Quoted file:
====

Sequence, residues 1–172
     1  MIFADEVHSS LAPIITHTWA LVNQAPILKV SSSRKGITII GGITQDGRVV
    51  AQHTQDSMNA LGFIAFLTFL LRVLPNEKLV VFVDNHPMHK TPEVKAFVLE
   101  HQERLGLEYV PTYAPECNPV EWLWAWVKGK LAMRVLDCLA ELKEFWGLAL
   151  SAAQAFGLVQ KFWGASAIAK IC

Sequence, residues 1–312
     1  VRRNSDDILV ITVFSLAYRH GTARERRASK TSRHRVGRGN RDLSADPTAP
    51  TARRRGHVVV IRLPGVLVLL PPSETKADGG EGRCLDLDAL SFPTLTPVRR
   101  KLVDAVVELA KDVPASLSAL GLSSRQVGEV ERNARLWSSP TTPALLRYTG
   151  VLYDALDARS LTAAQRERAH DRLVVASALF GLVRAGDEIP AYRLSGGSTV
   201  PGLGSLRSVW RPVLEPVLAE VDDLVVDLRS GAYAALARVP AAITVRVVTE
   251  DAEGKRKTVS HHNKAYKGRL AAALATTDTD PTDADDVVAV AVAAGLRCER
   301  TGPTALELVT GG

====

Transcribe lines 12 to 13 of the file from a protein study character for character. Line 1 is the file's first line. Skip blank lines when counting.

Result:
   251  DAEGKRKTVS HHNKAYKGRL AAALATTDTD PTDADDVVAV AVAAGLRCER
   301  TGPTALELVT GG